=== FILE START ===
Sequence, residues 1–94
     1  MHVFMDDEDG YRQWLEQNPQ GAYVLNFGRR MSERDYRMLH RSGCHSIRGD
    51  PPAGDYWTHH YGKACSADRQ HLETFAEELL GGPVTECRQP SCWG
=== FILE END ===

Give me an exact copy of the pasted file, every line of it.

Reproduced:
Sequence, residues 1–94
     1  MHVFMDDEDG YRQWLEQNPQ GAYVLNFGRR MSERDYRMLH RSGCHSIRGD
    51  PPAGDYWTHH YGKACSADRQ HLETFAEELL GGPVTECRQP SCWG